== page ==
In each of the past two appropriation cycles, Congress rejected Trump’s proposals to slash U.S. spending on diplomacy and foreign aid by as much as one-third, keeping funding in those areas roughly constant rather than cutting it. In 2018, Congress also aimed to reassure U.S. allies and partners of the U.S. commitment to Asia, with measures such as the Taiwan Travel Act and the Asia Reassurance Initiative Act.

In 2019, the House and Senate approved bipartisan resolutions to end U.S. military involvement in the war in Yemen. And the Senate approved a resolution rebuking Trump’s announced plans to withdraw U.S. troops from Afghanistan and Syria.

There are also growing signs that Trump may be unable to persuade Congress to approve the United States-Mexico-Canada trade agreement the United States negotiated last year as a replacement for NAFTA.

4. Bipartisanship and polarization coexist on foreign policy.

To be sure, other areas of foreign policy are subject to sharper partisan polarization in Washington. More Democratic than Republican leaders believe that limiting climate change is an important U.S. foreign policy goal — and more Republican leaders prioritize controlling and reducing illegal immigration.

Republicans are also more supportive than Democrats of the potential use of military force to prevent Iran from obtaining a nuclear weapon. And Democrats are more supportive of the Iran nuclear deal from which Trump withdrew.

But when it comes to U.S. alliances around the world, foreign policy leaders in the two parties — aside from Trump — find themselves broadly in agreement, though perhaps for different reasons.

Also in agreement is the American public. Yes, surveys show public concern about unity among NATO allies — 57 percent of Americans say alliance unity is weaker now than it was 10 years ago, including four in 10 Republicans.

But public support for the U.S. commitment to NATO remains strong. Three in four Americans favor maintaining or increasing the U.S. commitment to NATO, including large majorities across party lines. In short, polarization is a serious problem in U.S. foreign policy, but NATO policy and many other international issues remain ripe for bipartisanship.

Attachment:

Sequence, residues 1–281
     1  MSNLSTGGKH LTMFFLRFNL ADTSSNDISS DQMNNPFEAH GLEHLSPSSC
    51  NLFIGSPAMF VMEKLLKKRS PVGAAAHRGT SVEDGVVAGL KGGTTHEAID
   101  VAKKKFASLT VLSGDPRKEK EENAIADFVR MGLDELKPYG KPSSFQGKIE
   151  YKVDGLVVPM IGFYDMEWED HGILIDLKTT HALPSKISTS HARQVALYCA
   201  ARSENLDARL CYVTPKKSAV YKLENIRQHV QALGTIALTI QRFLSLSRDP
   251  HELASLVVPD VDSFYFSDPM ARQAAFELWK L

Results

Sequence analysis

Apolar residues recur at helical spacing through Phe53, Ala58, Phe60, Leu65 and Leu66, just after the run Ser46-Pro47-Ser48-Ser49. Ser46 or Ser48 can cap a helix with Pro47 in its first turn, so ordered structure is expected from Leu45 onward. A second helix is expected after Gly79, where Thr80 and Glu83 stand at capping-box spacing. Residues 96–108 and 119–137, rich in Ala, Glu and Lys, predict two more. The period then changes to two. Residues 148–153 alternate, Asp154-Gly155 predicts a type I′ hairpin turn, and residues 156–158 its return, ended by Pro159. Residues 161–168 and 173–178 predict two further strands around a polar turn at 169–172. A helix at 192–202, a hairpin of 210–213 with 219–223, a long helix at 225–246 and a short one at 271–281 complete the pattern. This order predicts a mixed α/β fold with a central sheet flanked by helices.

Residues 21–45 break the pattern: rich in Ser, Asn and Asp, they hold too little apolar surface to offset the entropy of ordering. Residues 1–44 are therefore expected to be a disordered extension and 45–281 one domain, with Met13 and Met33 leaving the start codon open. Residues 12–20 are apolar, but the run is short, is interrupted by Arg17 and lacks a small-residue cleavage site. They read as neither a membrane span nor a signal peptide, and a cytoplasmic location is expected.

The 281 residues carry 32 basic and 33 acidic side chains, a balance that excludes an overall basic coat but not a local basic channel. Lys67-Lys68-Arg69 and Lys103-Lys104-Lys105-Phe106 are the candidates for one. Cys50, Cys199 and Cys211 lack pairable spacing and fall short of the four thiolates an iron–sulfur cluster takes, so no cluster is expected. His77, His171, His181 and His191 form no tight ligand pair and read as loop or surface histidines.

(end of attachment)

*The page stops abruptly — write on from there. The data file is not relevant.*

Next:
5. Congress is signaling to both Trump and U.S. allies.

The Stoltenberg invitation and other recent pro-NATO steps by Congress are designed to constrain Trump and reassure members of the alliance. Domestically, these moves signal to Trump that he will face strong congressional opposition to any efforts to pull the United States further away from NATO. Such bipartisan opposition could be politically harmful to Trump by suggesting to voters that his foreign policy is misguided.

Internationally, the congressional actions signal to U.S. allies that other American leaders will continue to push hard for a more pro-NATO orientation in U.S. policy. Such signaling may help encourage America’s allies to stick out the current rough patch in transatlantic relations, rather than realigning their own foreign policies away from the United States.

Beyond the Trump presidency, avoiding major swings in U.S. policies toward allies and international agreements will be critical to rebuild and maintain the credibility of U.S. commitments to a rules-based international order.

Jordan Tama is an associate professor in the School of International Service at American University. Follow him @ProfJordanTama.

Joshua Busby is an associate professor at the LBJ School of Public Affairs at the University of Texas in Austin. Find him on Twitter @busbyj2.

Craig Kafura is a research associate for public opinion and foreign policy at the Chicago Council on Global Affairs, a Security Fellow with the Truman National Security Project, and a Pacific Forum Young Leader. Follow him @ckafura.

Joshua D. Kertzer is the Paul Sack Associate Professor of Political Economy at Harvard University. Follow him @jkertzer.

Jonathan Monten is a lecturer in political science and director of the International Public Policy Program at University College London.